As a result of the gap between previews, it felt a bit of a shambles at the time, which is a slight underestimate after listening back to my recording. A lot of the material fell flat and many of the laughs were from audience interaction. This can cause you to get disheartened and then deliver your material to the floor. But what I am pleased with is that I didn’t let my energy dip and ploughed on regardless.
Another thing I am pleased with is that I had to cut my material in order to reduce the show time after starting ten minutes late in the hope that more people would find their way to my show. I ended up finishing just about on time as well, which is crucial for the Fringe. There are numerous irritants when performing in Edinburgh, but one of my biggest gripes is with shows that overrun and cut into other people’s timeslots. If you start late, you have to cut your show down accordingly to avoid other performers hating you.
My second preview this week, and third in total, was in the more unusual setting of a canal boat. It is where a friend and colleague called Dan currently calls home. When a few of us visited there after work a few months back for a couple of cans of lager, Dan suggested running a comedy night on-board. I had a look at the layout and said that it could work.
Various other things got in the way between then and now, so it never happened. But as I was in desperate need of previews, I took Dan up on his offer.
At most comedy venues in London, you would hope to at least reach double figures for audience. However, on a small canal boat a crowd in double figures could be a hazard. Eight people was more than enough to fill the boat and for it to remain afloat.
I recruited Hatty Ashdown to preview her show. She did her show first, with the thinking behind this being that the audience would have more energy at the start of the evening and the boat wouldn’t be quite so hot. I figured that as the second half of my show is a quiz, I would only need half an hour of their energy and the quiz would be easier for flagging audience energy.
I had also been told by Moz (who now also lives on a canal boat) that the people who live up on the water in that area have been known to call the police if people cause too much noise. So if the police were to be called, it would be probably be my show that was affected and I wouldn’t then feel guilty for Hatty.
Hatty’s show went well. But I didn’t start mine until 9.40pm, so I planned to cut material and do a show that was 50 minutes. However, it didn’t quite work according to plan and I ended up doing an hour as I had a very vocal audience who were disputing some of my facts. I had to employ some crowd control skills. I am used to getting these types in Edinburgh, so thinking on my feet and adapting my show accordingly was highly useful experience.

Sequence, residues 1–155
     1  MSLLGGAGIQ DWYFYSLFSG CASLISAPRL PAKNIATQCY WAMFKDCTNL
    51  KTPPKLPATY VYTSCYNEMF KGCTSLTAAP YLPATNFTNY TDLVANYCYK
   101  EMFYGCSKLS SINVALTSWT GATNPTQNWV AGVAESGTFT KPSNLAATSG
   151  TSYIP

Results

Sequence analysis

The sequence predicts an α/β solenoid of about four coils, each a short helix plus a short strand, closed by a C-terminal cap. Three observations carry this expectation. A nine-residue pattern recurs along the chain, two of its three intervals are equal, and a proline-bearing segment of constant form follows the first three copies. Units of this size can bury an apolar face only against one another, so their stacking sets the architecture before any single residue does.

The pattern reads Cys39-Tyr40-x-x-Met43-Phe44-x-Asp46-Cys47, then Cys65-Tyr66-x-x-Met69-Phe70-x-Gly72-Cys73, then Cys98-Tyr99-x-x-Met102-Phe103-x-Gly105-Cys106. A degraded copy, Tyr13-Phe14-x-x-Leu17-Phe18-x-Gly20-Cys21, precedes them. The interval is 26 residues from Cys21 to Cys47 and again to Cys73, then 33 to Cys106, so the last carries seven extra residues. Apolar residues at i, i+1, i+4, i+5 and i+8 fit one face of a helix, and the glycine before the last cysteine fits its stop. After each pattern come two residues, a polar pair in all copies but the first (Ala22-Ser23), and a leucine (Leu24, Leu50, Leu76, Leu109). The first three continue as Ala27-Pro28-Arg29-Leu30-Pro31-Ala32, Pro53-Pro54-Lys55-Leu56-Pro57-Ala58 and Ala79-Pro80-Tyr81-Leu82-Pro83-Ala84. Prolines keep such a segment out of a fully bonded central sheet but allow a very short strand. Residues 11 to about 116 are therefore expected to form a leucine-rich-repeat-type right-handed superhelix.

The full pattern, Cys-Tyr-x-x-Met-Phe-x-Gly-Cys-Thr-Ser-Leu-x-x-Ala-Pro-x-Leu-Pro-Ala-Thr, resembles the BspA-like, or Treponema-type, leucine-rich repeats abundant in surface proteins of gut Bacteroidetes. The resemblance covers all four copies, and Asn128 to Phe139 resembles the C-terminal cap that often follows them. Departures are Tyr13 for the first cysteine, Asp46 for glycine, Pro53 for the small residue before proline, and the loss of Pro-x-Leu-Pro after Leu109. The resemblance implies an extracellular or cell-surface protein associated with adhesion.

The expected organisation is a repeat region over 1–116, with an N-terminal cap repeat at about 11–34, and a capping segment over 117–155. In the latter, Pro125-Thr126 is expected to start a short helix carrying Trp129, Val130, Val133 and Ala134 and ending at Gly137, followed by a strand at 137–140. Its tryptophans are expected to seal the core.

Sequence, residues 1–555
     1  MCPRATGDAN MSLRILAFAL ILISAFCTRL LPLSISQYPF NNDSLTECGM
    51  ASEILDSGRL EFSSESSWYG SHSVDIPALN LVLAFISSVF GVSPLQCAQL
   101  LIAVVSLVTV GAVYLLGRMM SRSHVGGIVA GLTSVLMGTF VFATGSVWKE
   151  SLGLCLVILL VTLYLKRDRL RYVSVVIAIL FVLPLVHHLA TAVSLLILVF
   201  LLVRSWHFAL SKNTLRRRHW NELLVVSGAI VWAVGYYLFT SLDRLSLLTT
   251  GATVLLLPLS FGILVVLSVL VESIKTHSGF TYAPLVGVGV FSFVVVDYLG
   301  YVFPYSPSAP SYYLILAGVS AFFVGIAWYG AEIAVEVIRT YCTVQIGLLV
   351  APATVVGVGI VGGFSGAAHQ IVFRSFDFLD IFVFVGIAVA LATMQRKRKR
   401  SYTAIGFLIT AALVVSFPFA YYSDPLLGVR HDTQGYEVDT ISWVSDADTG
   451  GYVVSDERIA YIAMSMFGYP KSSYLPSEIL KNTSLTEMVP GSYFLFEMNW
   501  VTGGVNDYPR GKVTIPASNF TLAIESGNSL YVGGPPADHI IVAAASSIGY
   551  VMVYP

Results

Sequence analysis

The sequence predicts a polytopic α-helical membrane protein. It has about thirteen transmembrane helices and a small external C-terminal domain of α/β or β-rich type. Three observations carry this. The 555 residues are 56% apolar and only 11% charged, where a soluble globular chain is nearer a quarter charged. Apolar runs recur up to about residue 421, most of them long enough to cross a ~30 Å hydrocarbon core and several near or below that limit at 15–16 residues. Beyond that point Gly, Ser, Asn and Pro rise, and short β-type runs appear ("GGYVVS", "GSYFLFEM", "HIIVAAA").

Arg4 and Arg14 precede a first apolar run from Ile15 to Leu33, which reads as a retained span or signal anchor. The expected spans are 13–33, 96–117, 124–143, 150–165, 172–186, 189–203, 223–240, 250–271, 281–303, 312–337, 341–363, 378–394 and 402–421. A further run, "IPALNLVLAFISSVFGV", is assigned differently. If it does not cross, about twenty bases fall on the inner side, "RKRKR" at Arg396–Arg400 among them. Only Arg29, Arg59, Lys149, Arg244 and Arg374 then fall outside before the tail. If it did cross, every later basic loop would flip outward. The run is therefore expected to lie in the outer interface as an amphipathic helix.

The material went better on the canal boat, but I feel there is still more work to do on this.
The quiz went very well at both previews, but it is difficult to predict how long it is going to last. It is much easier to estimate material length, whereas the quiz is an unknown quantity and its time can vary as it is so interactive. This should make each show unique and I think I will have a lot of fun with it, but I am going to work out how best to control it.
One final thing, I know I left the last entry on a bit of a cliffhanger with my Edinburgh accommodation. I have something all sorted and will be able to save myself about £130 from the previous place I was looking at. So you don’t need to worry any more.
My Edinburgh Fringe preparations were all going just a little too well and I had a feeling that something would go wrong at some point.
It happened this week, when I discovered that the flat I’d booked at the start of April had been cancelled about a month ago without me knowing. The website I’d booked it through had sent me an email to say that I needed to re-enter my card details within 24 hours or my booking would be cancelled, then there was a second email to say that my order had been cancelled. I don’t know how these emails were missed, but they were missed nonetheless and I now had to deal with it.
This wasn’t what I needed to hear as it is less than two months to go until the Fringe starts. This could have potentially been a disaster, as everywhere that’s a decent price is likely to be have been booked up months in advanced.
I put the feelers out there almost instantly and had something lined up less than a day later. It will cost about £100 more each for the month and there are three bedrooms between the four of us, so we’ll have to rotate sleeping on the sofa bed.
But I think it has all probably worked out for the best. It turns out that I’d also missed another email from the website I’d booked the first flat with, to tell me that the four of us would be sleeping in one room. Mental note: open emails. Fortunately, I also hadn’t parted with any money.
If you enjoyed this blog, you are welcome to email me, but I can’t guarantee I’ll actually open it.